Patrick J Hamilton

Don't Cry for Ben Rimalower: PATTI ISSUES

Filed By Patrick J Hamilton | November 19, 2012 3:30 PM | comments

Filed in: Entertainment
Tags: Aaron Mark, Ben Rimalower, cabaret, Evita, Manhattan, Off-Broadway, one-man show, Patti Lupone, theater review

I love heading to shows, plays and movies when I know little or nothing about the format, plot or players. I like arriving with no baggage, letting the story just unfold without my knowing where it, or the audience, is headed once the lights dim.

BRimalower_PATTIISSUES.jpgAll the knowledge I had about "PATTI ISSUES," Ben Rimalower's uppercase one-man show with Patti Lupone in the title, running intermittently through December 30th at New York City's Duplex has already been shared in this sentence.

So, unarmed with information, I expected a sing-y musical review, a possibly high-camp homage to a Broadway legend, and before the first of our-two drink minimum arrived, there was no reason to suspect otherwise: we were in the cabaret room, a lot of in-between-shows theater people packed in at almost every round table around us, baby grand piano sitting off in the shadows of the stage. Hell, there might even be wigs involved.

Okay. But no.

This is no musical homage, and it's not really about La Lupone at all, though her presence is as real as that gleaming baby grand. Rimalower keeps her on stage or in the wings through judicious but passionate and vividly-painted reference, only his words setting the stage, changing the scenery, and moving the clock from childhood to Now, in a brief but energetic and word-packed 60-minute show.

What Rimalower has created and breathlessly delivers with only about three pauses (each time to suck on his straw like a marathon runner at well-deserved water stations...) is a rapid-fire barrage of his tale of three lives (his, Patti's and to some respect, Evita Peron's) poetically and almost unimaginably intertwined by circumstance, serious luck and showbiz serendipity.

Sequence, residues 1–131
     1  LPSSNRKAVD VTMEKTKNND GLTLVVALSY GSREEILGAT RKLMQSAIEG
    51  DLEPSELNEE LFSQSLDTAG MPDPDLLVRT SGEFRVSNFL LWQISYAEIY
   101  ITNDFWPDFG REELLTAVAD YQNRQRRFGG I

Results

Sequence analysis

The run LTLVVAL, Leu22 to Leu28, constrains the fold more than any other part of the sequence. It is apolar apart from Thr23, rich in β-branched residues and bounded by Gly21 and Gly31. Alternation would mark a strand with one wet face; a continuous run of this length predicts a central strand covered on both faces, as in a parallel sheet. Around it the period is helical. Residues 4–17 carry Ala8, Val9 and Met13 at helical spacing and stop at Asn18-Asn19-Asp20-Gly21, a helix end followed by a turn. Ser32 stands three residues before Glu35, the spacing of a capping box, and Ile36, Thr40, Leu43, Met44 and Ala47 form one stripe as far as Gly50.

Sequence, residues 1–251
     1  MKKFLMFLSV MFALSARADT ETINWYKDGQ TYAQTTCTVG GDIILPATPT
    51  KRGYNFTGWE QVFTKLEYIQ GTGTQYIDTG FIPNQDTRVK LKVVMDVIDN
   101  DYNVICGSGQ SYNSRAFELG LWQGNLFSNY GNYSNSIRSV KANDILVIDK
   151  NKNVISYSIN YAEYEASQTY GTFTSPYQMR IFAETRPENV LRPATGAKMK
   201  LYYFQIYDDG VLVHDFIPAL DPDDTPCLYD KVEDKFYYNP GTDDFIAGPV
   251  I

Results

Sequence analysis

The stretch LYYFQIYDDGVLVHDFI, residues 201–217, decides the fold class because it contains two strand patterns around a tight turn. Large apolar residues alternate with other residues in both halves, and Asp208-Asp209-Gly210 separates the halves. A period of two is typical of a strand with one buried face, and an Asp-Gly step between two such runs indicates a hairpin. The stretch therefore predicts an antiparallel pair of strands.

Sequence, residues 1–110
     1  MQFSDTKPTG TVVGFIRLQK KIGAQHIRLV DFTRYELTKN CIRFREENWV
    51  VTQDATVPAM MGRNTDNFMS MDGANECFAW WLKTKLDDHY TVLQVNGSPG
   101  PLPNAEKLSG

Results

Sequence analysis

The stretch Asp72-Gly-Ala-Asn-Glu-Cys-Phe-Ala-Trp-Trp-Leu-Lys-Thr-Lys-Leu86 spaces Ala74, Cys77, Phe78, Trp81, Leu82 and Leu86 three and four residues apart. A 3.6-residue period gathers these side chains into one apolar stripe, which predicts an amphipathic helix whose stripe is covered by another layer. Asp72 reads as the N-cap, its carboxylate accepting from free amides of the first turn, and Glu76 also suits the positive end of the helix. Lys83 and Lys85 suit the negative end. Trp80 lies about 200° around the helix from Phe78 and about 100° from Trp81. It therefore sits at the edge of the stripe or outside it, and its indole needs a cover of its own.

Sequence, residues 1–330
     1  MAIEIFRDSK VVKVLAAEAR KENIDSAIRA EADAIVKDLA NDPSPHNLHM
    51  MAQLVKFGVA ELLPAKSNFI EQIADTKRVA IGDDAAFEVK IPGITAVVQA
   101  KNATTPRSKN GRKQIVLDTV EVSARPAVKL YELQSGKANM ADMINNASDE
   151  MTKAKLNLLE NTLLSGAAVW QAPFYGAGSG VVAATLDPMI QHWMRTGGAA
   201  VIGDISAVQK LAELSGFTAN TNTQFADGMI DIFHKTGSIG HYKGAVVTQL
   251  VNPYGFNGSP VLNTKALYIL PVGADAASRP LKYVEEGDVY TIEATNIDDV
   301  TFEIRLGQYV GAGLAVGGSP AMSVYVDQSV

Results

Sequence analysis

But this show is Ben's turn. The larger-than-life and iconic Patti Lupone is nearly relegated back to Chorus Girl: a voice on a phone, a face on a poster, a name on a CD. The drama is reserved for Ben's Jewish family, an odd connection to Buenos Aires, and the burdens that coming out and coming to terms with changing family dynamic places on a childhood already in progress. If it's an homage to anything, it's how big a role divas, theater and music play in the lives of gay kids... providing escape, solace, inspiration, and in Rimalower's case, high parallel.

The star here is the story Rimalower shares, at once hysterical and bubbly then brutally honest and dark, without a beat in between. Offhanded references give way suddenly to moving moment, and the ride is constructed nicely. It's a little like Disney's Space Mountain: you know it's gonna be fun, you know it's a roller coaster, but in the dark, you can't see when the heart-stopping drops come, or where your car is headed next. The delivery and structure reminds me of Leslie Jordan's one-man shows, where while you are howling with laughter, a moment of pathos leaps into your path before you see it coming or can turn the wheel. Pow.